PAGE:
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Dementia_Talk_2011_pics_PPT_v1_2

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									Dementia
Geriatrics Advocacy Group
 UBC Internal Medicine
             Disclosure
• We are happy to provide general medical
  information and answer your questions
  o This talk is not a substitute for seeing your
    doctor
  o We will not be able to give you personal
    medical advice
                    Outline
• What is Dementia?
• What are risk factors?
  o   Can you do anything about them?
• How is dementia diagnosed?
• Treatments for Dementia
  o   Lifestyle
  o   Medications
• Living with Dementia
  o   Safety
  o   Caregivers
• Future Research
What is Dementia?
               Dementia
• A group of symptoms
  o   Memory loss
  o   Problems with reasoning, judgment, language
       AND
• Problems with day to day functioning
  (work, driving, social relationships)
  o AND
• A progressive illness
           Symptoms of
            Dementia
• Problems with short term memory
  o   Appointments
  o   Conversations
  o   Events
  o   Repeating stories
                          • Difficulty remembering
                            names, faces
                            o   Forgetting acquaintances
                                and friends
             Symptoms of
              Dementia
• Trouble making sense of language
• Trouble finding the right word
• Difficulty naming objects
• Understanding complicated instructions
• Trouble doing familiar things
• Driving, banking
• Cooking, cleaning, laundry
• Dressing, bathing
Symptoms of Dementia
• Confusion in
  unfamiliar places
• Getting lost
• Personality changes
• Easy to anger,
  emotional
• Suspicious
• Seeing or hearing
  things that aren’t there
Dementia or Normal
    Aging?
     • Normal changes of aging
       o   Slower to process information
       o   Hearing and vision may decrease
       o   Motor speed decreases
     • Unlike dementia, these changes
       should not prevent normal day-
       to-day activities
  Other things that cause
     memory trouble
• A recent medical illness
  o   Starts suddenly
  o   Changes between sleepy and agitated
• Depression
  o   Sad mood
  o   Decreased initiative
• Some medical conditions
  o   Vitamin deficiencies
  o   Low thyroid function
  o   Sleep Apnea
Mild Cognitive Impairment
• Somewhere between memory changes of
  normal aging and dementia
• Can affect memory, or other domains or both
• Increases the risk of getting dementia BUT
  not everyone who has MCI will go on to
  develop dementia
 Causes of Dementia
• Alzheimer’s Dementia
     Most common form of dementia
       10% of 65-75 year olds
       20% of 75-85 year olds
       30% of > 85 year olds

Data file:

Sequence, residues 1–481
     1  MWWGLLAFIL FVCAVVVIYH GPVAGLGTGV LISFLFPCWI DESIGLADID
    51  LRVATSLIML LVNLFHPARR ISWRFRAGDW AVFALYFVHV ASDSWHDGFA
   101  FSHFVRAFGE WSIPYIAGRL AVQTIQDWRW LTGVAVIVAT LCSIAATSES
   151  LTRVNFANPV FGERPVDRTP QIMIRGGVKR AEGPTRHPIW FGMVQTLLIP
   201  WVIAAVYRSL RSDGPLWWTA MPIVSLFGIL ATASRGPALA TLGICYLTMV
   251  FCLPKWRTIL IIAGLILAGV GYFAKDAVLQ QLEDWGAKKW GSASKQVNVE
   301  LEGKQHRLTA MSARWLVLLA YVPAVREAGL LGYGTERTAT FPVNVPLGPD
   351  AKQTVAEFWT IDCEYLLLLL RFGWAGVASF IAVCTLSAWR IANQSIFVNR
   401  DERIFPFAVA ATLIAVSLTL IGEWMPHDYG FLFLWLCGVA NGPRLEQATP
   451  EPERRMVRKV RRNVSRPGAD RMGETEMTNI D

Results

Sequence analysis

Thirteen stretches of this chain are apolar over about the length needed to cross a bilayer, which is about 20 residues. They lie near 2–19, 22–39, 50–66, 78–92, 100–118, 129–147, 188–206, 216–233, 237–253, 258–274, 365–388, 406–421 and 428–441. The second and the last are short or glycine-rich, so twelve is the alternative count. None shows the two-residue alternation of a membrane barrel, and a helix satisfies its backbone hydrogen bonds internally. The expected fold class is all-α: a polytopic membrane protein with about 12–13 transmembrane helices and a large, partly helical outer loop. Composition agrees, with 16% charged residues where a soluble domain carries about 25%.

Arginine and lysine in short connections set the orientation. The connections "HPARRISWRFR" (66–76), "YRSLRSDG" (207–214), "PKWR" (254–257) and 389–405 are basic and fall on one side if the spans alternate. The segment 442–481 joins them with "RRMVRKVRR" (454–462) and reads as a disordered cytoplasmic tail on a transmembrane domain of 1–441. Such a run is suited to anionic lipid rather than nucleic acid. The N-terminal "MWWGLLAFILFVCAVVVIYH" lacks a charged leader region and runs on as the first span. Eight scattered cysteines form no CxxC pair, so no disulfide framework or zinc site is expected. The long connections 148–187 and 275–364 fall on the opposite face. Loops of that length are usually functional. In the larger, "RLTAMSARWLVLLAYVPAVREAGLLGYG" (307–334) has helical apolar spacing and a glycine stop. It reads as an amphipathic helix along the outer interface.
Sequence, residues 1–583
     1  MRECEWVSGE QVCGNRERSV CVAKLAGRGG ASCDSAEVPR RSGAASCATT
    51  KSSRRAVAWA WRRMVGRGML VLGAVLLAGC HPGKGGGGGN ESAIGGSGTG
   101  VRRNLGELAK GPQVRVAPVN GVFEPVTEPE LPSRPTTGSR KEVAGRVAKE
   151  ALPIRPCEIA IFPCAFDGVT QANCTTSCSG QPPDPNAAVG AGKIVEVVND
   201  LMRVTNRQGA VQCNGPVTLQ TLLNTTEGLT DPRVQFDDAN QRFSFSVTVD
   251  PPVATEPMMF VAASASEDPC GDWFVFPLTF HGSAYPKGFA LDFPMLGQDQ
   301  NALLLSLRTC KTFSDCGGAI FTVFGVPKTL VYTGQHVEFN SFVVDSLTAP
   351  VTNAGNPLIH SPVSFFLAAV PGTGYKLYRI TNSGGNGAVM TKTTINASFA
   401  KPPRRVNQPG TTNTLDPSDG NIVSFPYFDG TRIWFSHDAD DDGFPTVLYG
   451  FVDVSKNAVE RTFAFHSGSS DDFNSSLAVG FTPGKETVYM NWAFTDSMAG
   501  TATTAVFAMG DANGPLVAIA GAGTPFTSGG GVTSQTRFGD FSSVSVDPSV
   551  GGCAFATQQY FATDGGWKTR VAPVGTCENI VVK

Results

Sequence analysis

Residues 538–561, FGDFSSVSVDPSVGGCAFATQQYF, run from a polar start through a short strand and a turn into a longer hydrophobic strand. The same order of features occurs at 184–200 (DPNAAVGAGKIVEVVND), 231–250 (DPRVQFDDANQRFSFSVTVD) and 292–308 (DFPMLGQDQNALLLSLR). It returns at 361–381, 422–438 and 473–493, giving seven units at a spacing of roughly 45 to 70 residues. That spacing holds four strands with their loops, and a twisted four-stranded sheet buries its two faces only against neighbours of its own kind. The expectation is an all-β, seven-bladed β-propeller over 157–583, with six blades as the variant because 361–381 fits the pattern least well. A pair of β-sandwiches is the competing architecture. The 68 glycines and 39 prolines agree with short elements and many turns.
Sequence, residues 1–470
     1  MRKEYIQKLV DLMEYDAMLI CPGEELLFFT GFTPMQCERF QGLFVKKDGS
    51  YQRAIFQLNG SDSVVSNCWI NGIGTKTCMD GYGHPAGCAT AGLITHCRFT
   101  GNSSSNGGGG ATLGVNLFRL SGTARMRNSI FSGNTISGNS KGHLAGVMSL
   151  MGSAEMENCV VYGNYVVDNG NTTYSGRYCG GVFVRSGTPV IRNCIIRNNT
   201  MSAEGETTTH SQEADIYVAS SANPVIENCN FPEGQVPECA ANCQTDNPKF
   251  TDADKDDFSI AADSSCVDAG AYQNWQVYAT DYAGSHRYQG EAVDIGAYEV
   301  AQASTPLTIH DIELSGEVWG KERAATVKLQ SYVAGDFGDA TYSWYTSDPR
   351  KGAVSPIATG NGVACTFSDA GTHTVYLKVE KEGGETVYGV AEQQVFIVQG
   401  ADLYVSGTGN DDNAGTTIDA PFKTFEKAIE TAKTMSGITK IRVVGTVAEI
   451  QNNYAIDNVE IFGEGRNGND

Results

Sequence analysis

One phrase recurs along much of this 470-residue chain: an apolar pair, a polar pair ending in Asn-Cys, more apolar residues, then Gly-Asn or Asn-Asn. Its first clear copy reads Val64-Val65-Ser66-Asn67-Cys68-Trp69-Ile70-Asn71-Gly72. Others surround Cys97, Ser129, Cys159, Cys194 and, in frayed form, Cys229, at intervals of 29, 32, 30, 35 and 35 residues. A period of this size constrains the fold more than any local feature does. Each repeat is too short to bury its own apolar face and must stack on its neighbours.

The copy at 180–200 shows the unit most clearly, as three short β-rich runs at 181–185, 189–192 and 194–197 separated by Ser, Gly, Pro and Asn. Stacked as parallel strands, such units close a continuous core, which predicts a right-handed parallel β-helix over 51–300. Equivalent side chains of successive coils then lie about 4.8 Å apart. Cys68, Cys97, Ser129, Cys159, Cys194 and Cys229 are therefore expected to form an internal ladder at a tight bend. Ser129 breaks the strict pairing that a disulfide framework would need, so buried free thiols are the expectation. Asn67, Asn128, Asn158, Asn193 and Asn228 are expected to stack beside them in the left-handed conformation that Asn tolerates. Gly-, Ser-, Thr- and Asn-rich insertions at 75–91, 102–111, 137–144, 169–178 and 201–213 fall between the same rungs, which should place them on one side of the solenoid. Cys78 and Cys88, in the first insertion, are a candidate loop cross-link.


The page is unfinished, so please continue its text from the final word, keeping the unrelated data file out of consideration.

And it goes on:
 Gradually progresses over time
                      Cause not known for sure
                         Genetics in some families (more
                          rare)
                         Messenger chemicals and
                          inflammation in the brain
                         Brain gradually losses size
                          (“atrophy”)
    Causes of Dementia
• Vascular dementia
• Second most common type of dementia
• Caused by small strokes
• Areas of brain that have
  stopped getting oxygen and
  die
• The strokes might not have
  other symptoms
• Strokes happen suddenly
  and cause sudden
  worsening of memory
  Causes of Dementia
• Mixed Dementia
     Combination of Alzheimer’s
      and Vascular
     Very common
     Gradual decline with
      occasional sudden worsening
• Frontal Temporal Dementia
     Often has personality changes
      early on
• Parkinson’s Disease related
  Dementia
• Others
  What Are the Risk
Factors for Dementia?
              Risk Factors


• Genetic
• Vascular
• Lifestyle
           Family History
• Most cases of dementia are NOT genetic,
  inherited or running in the family
                     • Some cases of dementia
                       run in the family where
                       multiple members in
                       several generations have
                       dementia
                     • Often dementia comes on at
                       younger age
                     • Can come on at older age and
                       look like usual Alzheimer’s
                       disease
              Cardiovascular
         (Heart and Blood Vessels)
•   High blood pressure
•   High cholesterol
•   Diabetes
•   Smoking
    o   All of these increase the
    o   risk of stroke
• These are risk factors for both AD and vascular
  dementia
    o What     can do to help with this?
             Exercise, healthy diet, quit smoking
             Managing the above medical conditions well
                   Lifestyle

• Potential Lifestyle factors:
      Traumatic head injuries
      Toxic exposures
      Physical activity / Diet
      Education
Diagnosing Dementia